Matti Peikola is Professor of English at the Department of English, University of Turku. He is also the PI of Early Modern Graphic Literacies. In today’s blog post, Matti tells us more about the background and aims of the project.
How did you first become interested in graphic literacies?
In the mid-2000s, I was working on Middle English tables of lections that are found in many manuscripts of the Wycliffite Bible. Although I was at that point primarily focusing on the textual transmission of these tables, my interest was piqued by the long opening rubrics (canons) of some of the tables that inform and instruct the reader about how information is structured and visually presented in them. In some of the tables, however, no such rubrics occur, which made me wonder about possible ‘graphic literacy’ -related reasons for their inclusion/omission.
Whose graphic literacies will the project investigate?
In practice, the project investigates early modern book producers’ and writers’ ideas about graphic literacies of their vernacular audiences and readers. In the project, we assume that these ideas are conveyed by book producers’ and writers’ adoption of different kinds of graphic devices in their books and their discussion of such devices in text and paratext.
What is, in your opinion, the most challenging aspect of the project?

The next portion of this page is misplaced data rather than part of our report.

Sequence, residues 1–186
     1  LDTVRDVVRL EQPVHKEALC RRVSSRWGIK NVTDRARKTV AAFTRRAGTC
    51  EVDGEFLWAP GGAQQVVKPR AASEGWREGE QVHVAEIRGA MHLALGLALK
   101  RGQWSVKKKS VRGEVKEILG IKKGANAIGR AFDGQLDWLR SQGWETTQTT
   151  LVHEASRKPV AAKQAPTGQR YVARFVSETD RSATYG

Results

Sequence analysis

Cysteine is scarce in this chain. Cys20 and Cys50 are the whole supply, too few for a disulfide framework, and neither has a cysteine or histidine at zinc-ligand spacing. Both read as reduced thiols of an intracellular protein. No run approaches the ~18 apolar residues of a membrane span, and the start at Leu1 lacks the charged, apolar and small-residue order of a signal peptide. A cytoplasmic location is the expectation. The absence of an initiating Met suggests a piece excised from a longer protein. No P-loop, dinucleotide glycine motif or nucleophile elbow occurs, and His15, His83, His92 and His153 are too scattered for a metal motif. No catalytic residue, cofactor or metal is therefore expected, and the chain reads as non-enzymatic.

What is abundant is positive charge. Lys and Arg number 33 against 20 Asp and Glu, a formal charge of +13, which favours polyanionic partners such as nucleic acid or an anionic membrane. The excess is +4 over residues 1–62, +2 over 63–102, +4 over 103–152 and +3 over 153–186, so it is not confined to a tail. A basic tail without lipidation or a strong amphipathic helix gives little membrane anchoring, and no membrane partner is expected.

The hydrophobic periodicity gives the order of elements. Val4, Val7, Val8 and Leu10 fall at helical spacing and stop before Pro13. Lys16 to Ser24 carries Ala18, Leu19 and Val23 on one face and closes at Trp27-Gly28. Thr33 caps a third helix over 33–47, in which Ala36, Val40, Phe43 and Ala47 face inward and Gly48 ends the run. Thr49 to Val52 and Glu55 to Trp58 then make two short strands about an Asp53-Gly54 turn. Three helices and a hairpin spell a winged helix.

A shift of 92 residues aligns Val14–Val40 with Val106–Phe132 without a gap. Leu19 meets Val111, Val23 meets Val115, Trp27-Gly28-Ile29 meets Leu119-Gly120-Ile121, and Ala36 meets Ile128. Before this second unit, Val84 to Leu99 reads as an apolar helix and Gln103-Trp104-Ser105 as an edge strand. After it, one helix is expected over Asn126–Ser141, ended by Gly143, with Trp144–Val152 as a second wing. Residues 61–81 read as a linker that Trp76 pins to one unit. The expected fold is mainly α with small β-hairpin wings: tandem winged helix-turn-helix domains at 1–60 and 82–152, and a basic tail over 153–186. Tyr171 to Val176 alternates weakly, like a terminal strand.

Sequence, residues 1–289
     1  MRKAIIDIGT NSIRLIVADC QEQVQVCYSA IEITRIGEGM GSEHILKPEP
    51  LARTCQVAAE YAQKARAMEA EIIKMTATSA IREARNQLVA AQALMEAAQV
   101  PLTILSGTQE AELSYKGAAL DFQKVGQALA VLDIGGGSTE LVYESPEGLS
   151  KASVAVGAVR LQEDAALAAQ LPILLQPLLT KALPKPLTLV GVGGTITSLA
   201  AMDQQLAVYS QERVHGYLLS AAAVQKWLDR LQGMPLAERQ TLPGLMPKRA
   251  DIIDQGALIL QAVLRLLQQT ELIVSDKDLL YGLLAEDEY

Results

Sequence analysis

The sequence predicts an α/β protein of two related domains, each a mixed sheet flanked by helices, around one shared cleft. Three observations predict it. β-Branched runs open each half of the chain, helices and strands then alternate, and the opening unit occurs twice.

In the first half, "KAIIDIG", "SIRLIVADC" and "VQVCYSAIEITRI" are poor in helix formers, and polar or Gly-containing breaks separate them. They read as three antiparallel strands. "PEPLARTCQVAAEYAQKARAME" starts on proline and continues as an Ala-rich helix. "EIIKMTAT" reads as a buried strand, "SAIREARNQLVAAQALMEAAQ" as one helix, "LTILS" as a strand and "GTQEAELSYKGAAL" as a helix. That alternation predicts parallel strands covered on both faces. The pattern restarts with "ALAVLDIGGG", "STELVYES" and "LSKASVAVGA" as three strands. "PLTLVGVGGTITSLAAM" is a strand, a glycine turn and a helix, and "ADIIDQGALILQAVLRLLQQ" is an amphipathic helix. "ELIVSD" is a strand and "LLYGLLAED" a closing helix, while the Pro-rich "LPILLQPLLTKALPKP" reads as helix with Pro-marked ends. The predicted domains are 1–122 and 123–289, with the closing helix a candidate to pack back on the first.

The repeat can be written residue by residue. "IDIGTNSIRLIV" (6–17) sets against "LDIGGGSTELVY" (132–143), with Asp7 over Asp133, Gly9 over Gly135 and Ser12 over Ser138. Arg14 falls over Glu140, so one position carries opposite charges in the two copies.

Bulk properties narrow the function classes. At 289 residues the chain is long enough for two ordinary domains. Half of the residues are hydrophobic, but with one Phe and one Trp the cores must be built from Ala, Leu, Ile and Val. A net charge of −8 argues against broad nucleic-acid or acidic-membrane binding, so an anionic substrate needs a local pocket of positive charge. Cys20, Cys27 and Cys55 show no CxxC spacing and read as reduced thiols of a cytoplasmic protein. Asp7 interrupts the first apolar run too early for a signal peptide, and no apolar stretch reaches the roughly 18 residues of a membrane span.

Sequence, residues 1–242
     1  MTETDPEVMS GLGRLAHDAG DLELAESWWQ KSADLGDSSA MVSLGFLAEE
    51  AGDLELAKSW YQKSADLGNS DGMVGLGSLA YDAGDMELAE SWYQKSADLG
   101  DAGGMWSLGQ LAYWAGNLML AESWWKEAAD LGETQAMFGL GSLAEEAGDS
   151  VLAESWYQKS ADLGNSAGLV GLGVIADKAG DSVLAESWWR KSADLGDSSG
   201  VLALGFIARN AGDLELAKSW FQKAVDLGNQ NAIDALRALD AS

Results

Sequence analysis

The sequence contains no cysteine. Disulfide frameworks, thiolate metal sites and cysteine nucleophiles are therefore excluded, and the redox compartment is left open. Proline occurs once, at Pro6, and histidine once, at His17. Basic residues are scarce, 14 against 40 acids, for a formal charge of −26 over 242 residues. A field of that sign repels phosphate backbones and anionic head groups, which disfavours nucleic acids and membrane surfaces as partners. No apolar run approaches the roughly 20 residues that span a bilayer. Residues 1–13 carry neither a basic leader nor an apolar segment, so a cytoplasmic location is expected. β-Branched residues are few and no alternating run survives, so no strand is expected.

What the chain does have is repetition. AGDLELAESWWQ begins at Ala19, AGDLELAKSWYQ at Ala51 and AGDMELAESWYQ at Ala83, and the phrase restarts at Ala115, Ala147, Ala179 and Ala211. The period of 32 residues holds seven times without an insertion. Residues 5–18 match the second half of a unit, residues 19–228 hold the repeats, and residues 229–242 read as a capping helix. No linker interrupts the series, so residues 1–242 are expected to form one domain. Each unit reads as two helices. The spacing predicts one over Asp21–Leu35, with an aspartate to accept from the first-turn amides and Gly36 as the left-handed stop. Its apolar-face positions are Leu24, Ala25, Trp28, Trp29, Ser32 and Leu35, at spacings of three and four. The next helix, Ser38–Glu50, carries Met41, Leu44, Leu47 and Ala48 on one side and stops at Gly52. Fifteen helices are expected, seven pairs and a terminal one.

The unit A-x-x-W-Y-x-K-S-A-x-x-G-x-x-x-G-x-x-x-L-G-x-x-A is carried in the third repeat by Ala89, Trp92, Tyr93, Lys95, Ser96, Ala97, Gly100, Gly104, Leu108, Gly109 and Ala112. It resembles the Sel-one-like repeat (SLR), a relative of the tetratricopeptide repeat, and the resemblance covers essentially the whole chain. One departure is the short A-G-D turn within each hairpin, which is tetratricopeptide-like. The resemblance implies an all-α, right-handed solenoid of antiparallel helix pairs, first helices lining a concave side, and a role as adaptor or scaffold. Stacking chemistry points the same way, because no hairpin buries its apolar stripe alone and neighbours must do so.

It will be challenging to arrive at a classification of the early modern graphic devices that is not anachronistic and too reliant on modern typologies. We should approach the devices from their historical context(s) and take into account technological factors that constrain their use in early modern printed books. The classification also needs to be amenable to quantitative data analysis.
What kinds of material will the project explore?
We examine digital facsimiles of all books published in English in twelve sample years from 1521 to 1796 (at 25-year intervals). The materials are primarily accessed via the EEBO (Early English Books Online) and ECCO (Eighteenth Century Collections Online) databases. The purpose is to record all books published in these years that contain graphic devices like tables and diagrams, and then investigate this dataset and its subsets quantitatively and qualitatively in various ways.
Why is studying early graphic literacies important?
Early modern graphic devices have so far been largely examined in Latin scientific writing by historians of science. In this project we examine texts of multiple domains and genres and focus on how graphic devices were accommodated to different kinds of vernacular audiences. The linguistic and philological dimension of this historical process is particularly important for us, and it has not been systematically addressed before. We are essentially looking for traces of different kinds of early multimodal literacies and how they were communicated by book producers and writers.
Mari-Liisa Varila | Twitter: @mlvarilaFollow us on Twitter!